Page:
Some 522 tons of rocks and boulders have put a stop — for now at least — to a longstanding problem: Squatters camping under the Pacific Boulevard viaduct in Albany where Jackson Street and Seventh Avenue meet.
Someone pictured the rocks on Facebook, and a bike ride this afternoon took me past the place to see for myself.
This used to be a frequent hangout for apparently homeless people who couldn’t or wouldn’t go to the nearby shelters, Helping Hands just around the corner and Signs of Victory a couple blocks down Jackson Street.
So what about those rocks? Assuming that either ODOT or the city of Albany had placed them there, I asked Marilyn Smith, the city’s public information officer, what she knew about it. Turns out she knew everything about this project and how it came about.
“City staff first started talking about it in June as an option to fencing for dealing with ongoing complaints of illegal camping and litter under the overpass,” her report began. “It had become one of the spots in Albany where homeless campers come and go and leave trash behind, often hazardous trash, and we repeatedly have to clean up at public expense.”
Kris Schendel, an employee of the police deparrment who serves as a code compliance officer, proposed the boulder field, and City Manager Peter Troedsson authorized it. The area under the viaduct is part of the state highway right of way, and the city got ODOT to approve the project. ODOT also specified the type, size and quantity of rock that have proved best, based on experience elsewhere.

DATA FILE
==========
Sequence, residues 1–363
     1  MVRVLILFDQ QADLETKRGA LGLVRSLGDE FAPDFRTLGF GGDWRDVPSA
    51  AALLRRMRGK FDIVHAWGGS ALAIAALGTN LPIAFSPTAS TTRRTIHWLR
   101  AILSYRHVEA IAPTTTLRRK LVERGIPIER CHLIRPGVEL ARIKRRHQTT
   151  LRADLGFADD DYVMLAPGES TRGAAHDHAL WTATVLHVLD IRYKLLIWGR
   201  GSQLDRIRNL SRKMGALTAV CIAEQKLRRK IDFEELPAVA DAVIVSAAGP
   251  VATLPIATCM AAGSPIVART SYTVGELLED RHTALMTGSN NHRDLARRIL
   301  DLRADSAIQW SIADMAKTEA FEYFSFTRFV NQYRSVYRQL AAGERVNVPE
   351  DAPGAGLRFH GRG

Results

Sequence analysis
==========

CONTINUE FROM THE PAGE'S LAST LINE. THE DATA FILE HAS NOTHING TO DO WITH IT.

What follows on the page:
Albany bought the rock from Knife River in Tangent. The company delivered 521.93 tons of rocks. (Leave it to Marilyn to know this to the second decimal!) City crews put the material in place on Oct. 15 and 16.
A few days before, the city’s Solutions Team had gone to the place and talked with three or four people there, giving each a list of resources and directing them to a shelter or other services. (The team has been working to help get the homeless off the street and into better situations. It has members of the city police, county mental health, Samaritan Health Services, and CHANCE, and a paramedic.)
The rocks cost the city $16,781.
This boulder field is hard to miss. But as Marilyn Smith points out, city crews clean up homeless camps in less visible places all the time. (hh)